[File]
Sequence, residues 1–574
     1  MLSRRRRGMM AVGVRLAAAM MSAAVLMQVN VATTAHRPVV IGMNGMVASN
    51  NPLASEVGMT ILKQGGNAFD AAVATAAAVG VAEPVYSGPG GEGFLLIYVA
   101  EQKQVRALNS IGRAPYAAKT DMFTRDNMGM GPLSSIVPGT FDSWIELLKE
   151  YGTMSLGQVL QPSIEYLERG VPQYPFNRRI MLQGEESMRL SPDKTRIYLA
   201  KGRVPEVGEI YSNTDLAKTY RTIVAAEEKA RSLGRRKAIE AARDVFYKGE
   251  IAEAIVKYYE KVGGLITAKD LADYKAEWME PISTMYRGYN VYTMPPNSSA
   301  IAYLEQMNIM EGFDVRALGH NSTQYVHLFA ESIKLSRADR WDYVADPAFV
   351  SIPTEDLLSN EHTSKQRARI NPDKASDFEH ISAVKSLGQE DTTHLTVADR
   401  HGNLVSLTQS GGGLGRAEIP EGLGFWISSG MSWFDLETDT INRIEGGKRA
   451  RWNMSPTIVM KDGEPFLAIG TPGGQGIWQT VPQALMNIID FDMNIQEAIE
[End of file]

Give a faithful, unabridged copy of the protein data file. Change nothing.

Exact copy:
Sequence, residues 1–574
     1  MLSRRRRGMM AVGVRLAAAM MSAAVLMQVN VATTAHRPVV IGMNGMVASN
    51  NPLASEVGMT ILKQGGNAFD AAVATAAAVG VAEPVYSGPG GEGFLLIYVA
   101  EQKQVRALNS IGRAPYAAKT DMFTRDNMGM GPLSSIVPGT FDSWIELLKE
   151  YGTMSLGQVL QPSIEYLERG VPQYPFNRRI MLQGEESMRL SPDKTRIYLA
   201  KGRVPEVGEI YSNTDLAKTY RTIVAAEEKA RSLGRRKAIE AARDVFYKGE
   251  IAEAIVKYYE KVGGLITAKD LADYKAEWME PISTMYRGYN VYTMPPNSSA
   301  IAYLEQMNIM EGFDVRALGH NSTQYVHLFA ESIKLSRADR WDYVADPAFV
   351  SIPTEDLLSN EHTSKQRARI NPDKASDFEH ISAVKSLGQE DTTHLTVADR
   401  HGNLVSLTQS GGGLGRAEIP EGLGFWISSG MSWFDLETDT INRIEGGKRA
   451  RWNMSPTIVM KDGEPFLAIG TPGGQGIWQT VPQALMNIID FDMNIQEAIE